One of the reasons businesses call me is because they sense that a change is needed in their HR policies. People are leaving. Customers are unhappy. Turnover is high. What’s going on? Most times, the business owner hires an employee but then stops the conversation. Outside of the occasional business meeting, there is little to no talk of promotion, a pay raise, or leadership development. If this is you, your business operations are in need of a serious overhaul. Start with people. End with people. Develop people at every step along the way. Think through those logistical questions and treat your employees with respect, trust, and goodwill. It goes farther than you think.

If you’d like some help with this, feel free to email me and we’ll set up a time to talk.

2.) Praise Publicly – Criticize Privately.

I almost wrote, “Don’t criticize.” It’s not that people don’t need to hear good, constructive feedback, it’s that it’s so often done poorly. Coach your people through problems. This gives them the opportunity to listen and learn from their mistakes by applying critical thinking to their own actions. The most effective way to change behavior is through good, insightful coaching.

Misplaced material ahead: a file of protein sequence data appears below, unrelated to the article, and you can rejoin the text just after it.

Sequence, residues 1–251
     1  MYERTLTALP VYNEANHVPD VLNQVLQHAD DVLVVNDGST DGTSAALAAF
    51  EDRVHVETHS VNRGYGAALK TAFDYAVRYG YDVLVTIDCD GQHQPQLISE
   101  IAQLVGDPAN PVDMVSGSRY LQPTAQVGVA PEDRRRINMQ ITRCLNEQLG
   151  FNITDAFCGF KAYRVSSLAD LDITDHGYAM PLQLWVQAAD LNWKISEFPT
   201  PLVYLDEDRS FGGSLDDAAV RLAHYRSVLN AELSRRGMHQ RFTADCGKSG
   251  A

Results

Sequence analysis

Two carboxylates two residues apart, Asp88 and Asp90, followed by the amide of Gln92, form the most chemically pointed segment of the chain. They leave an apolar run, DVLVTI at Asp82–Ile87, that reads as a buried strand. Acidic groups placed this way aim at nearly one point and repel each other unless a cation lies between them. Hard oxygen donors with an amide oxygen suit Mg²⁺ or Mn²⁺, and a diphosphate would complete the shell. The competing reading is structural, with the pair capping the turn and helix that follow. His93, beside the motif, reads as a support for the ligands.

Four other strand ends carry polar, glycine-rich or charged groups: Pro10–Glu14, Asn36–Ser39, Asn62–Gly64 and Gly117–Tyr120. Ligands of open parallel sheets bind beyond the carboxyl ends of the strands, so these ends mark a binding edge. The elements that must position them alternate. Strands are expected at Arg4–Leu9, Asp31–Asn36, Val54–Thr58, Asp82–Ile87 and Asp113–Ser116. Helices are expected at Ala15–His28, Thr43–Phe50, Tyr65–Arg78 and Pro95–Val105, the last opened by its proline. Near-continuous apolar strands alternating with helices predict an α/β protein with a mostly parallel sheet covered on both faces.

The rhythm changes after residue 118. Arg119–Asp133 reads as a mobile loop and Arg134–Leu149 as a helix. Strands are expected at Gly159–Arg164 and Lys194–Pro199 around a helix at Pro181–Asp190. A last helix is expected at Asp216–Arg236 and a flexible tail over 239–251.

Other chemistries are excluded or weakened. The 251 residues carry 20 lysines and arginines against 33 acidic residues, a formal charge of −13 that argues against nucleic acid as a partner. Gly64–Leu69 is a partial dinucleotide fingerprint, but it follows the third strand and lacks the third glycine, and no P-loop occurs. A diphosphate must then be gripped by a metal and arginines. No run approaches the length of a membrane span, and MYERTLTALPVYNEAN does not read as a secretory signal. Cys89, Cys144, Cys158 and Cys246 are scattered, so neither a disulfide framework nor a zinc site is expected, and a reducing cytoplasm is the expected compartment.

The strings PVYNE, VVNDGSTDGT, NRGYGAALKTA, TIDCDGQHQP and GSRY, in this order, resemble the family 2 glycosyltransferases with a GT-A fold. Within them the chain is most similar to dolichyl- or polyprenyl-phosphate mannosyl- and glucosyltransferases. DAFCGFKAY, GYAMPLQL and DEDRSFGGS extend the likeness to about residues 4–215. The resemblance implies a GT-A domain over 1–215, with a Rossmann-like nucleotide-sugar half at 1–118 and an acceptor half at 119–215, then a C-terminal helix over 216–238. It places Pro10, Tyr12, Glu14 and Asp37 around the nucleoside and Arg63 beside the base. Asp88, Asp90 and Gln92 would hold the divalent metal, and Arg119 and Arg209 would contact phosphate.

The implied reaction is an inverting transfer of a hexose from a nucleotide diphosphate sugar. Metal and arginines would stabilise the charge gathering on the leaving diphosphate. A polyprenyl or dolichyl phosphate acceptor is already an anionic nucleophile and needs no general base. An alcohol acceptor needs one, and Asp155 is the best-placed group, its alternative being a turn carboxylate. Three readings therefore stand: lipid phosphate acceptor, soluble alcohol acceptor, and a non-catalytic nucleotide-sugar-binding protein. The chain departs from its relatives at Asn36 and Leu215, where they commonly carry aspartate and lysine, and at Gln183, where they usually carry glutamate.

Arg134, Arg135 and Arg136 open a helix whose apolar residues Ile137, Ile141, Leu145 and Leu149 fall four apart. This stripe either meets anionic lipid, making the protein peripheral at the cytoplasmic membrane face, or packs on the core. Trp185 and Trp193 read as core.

On the positive side, be generous with public praise. I once worked with an employer that openly refused to praise their employees.

“I give them a paycheck, why should I praise them for doing their job?”

The short version of that story is that employee turnover was extraordinarily high and morale was constantly low.

Praise frequently and extravagantly.

Let someone know when they do a good job.

Better yet, make sure others know it as well.

3.) Win Relationships, Not Arguments

Several years ago, mired in a personal conflict with someone else, I learned a very harsh reality: If I win the argument but lose the relationship, I’ve lost everything.

I’m sad to say that I lost everything. My moments of weakness, poor leadership, and even worse conflict resolution ability cost me a friendship and ultimately a job. As a person in charge of business operations, this decision haunts me.

From that moment on, I was determined to never let it happen again. Since then, I’ve never been disappointed. Even when it means swallowing my pride or allowing the other person to be right (even if factually I am) it’s always been worth the extra effort and energy to win the relationship.

As a business owner or other leader, be sure to win relationships. With your employees, your customers, your superiors, and your community. Sacrifice the idol of always needing to be right and instead work towards always needing to be loving. Demonstrate grace, compassion, and empathy as a leader.Create and Orchestrate Book Cover

Eight Core Concepts

This list is updated as the blog series continues. Click on any live link to go to that post in the series.

  1. Leadership
  2. Finance
  3. Operations
  4. Growth
  5. Product
  6. Service
  7. Sales
  8. Marketing